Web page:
• L Doebler

The Great Carbon Trap Research Project - 2

I learned a lot of lessons from the first attempt at testing my assortment of carbon trap shinos. "Surely, this next time I'll get it right!" I thought.


I did not.

But I did learn a lot (again!) from this firing... and I do think that next time I'll get it (maybe? is it hubris to think that??).

So what happened? What went wrong? What went right?

A lot went right actually. Definite progress has been made. For example, I have found the perfect spot to dry my glazed-cups in the studio. In the Fish Bowl (as some of us affectionately call it), where the second-year students and masters students have their desk space, it is very dry and warm compared to the rest of the studio. Besides the office, it's the smallest room we have and it uses side radiator-like panel heaters rather than the over-head heaters the bigger rooms have (which only sometimes work it seems). This means I don't have to let the cups dry for a week or more to get proper soda ash coverage. Here's a pic of one of the cups a day and a half after glazing:

You can see that crusty white stuff forming on the outside of the glaze. That's the soda ash coming to the surface. You can also see on the raw clay body where it's a bit more orangey - this is also where the soda ash has absorbed into the bisced clay. I had glazed this batch on a Friday morning, and taken the above photo Saturday evening. By Tuesday morning when I went to fire them, this cup was completely covered white!

So things are certainly looking up! However this is where I mess up (again). I (foolishly!) put the cups on the bottom shelf. A little background on the kiln I fire these in: this is a big gas kiln. I don't have the measurements off hand (I'm at home while I write, not in the studio), but it's quite sizable. Over the past year, Rob and I have had to do some adjustments to it to get the reduction working properly. There was a bit of time mid-to-late last year where only the very top of the kiln was going into reduction. We cleaned out the burners and had a gas guy come and adjust the pipes a bit. After that it was almost too-easy to go into very heavy reduction and a successful, well-reduced-throughout firing would take around 5-6 hours.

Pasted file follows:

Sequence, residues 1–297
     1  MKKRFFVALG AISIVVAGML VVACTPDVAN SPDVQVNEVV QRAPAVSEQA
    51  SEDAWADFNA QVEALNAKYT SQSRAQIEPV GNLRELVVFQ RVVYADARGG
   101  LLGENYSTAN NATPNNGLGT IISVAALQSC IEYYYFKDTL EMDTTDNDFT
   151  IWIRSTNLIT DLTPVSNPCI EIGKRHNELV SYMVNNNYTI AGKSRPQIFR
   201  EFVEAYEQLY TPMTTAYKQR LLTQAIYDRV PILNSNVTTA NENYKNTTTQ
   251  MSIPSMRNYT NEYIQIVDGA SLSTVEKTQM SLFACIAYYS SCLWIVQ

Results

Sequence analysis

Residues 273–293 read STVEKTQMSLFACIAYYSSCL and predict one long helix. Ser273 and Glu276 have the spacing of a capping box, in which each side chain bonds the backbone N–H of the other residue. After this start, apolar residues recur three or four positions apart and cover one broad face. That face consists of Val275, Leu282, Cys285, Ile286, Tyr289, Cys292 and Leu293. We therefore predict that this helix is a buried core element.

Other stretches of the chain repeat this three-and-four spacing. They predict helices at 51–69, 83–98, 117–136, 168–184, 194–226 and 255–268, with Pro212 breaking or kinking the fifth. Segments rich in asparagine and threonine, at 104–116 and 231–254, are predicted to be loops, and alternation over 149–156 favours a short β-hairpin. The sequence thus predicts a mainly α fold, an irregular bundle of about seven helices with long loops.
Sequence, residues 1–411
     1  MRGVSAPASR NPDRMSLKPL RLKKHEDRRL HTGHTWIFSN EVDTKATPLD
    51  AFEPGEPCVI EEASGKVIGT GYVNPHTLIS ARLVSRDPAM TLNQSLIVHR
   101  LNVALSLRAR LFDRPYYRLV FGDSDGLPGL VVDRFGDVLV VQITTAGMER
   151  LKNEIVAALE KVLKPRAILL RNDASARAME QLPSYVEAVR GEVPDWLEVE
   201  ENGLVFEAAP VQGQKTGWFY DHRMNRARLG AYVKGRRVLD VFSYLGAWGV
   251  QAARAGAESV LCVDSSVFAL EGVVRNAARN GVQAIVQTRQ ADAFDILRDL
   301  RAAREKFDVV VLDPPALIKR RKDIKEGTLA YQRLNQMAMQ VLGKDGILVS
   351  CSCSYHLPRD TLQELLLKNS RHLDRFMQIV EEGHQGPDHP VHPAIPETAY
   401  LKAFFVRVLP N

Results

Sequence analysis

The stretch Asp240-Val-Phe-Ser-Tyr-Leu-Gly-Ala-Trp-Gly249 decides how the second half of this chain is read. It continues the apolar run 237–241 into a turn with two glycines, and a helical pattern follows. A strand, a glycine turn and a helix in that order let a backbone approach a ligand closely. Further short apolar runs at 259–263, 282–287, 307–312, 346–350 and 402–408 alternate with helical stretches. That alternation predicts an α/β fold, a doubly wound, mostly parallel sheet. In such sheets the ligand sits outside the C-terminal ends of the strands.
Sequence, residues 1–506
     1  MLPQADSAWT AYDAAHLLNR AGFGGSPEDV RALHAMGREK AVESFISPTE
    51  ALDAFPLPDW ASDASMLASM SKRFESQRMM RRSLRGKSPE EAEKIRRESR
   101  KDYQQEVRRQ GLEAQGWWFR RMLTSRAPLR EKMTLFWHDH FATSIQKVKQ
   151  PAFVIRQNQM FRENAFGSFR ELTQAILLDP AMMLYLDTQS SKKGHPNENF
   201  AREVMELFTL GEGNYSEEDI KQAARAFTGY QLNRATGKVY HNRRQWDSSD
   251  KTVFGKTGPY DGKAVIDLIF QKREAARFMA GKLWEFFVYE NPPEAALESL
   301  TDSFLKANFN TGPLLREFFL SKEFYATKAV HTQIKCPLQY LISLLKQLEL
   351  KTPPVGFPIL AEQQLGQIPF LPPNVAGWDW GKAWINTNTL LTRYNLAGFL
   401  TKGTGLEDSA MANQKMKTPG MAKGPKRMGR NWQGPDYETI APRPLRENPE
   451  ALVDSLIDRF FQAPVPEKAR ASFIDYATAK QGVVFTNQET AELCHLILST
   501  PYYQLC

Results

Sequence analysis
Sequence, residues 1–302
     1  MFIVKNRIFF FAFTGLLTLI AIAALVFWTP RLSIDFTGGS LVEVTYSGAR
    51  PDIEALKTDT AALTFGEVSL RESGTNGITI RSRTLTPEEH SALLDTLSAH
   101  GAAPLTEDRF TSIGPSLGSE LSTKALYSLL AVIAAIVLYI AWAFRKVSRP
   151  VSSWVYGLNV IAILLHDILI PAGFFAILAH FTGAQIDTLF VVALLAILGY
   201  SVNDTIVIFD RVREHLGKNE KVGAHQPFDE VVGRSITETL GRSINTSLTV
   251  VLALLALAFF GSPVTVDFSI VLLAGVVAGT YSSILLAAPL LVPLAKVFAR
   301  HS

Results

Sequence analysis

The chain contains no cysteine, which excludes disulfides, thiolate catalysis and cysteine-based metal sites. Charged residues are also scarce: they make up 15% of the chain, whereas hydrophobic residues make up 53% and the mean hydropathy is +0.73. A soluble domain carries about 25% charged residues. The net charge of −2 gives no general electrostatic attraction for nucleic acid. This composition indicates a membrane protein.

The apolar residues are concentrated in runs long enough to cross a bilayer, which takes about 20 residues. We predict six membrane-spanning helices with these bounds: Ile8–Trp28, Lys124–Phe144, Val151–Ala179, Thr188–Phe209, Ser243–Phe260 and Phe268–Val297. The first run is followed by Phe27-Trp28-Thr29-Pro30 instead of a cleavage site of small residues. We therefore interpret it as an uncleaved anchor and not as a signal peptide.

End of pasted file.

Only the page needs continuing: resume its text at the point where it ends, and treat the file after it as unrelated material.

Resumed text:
As more firings have gone one though, it's seeming like it's reverting to its old ways. I now have to keep the damper quite shut throughout the firing to get heavy reduction, and even then the bottom shelf is not getting hot enough nor is it reducing as heavily as the rest of the kiln. The firing for this batch took eight hours, and then it wound up not even having put the cone 10 over fully!

As you can maybe see in the above image, the cone I had on the bottom shelf (a cone 10), didn't even start going over. So these shinos are all underfired! However, they did get some reduction. I think they didn't get a heavy enough reduction at the proper temperature, combined with not getting hot enough overall, which led to yet another disappointing result.

On the bright side, some of them do show signs of carbon trapping finally! You can maybe see in the above group shot how some of them have a more greyish, almost lavender appearance. This is due to the shadowy carbon being trapped in the surface of the glaze. In addition, some of them did some much more characteristically-shino things like crawling and breaking to a bright red where thin and between the crawled bits of glaze (especially on the Whitestone cups, which I included in this test).

Above are some of my favorite results from this batch, ones that I think are most promising going forward.

So what will I do next time?

  • Place the shinos higher up in the kiln

  • Fire for even longer, even if that means a 9-10 hour firing to ensure it is hot enough and reduced enough

  • Dry the shinos in the same place in the Fish Bowl

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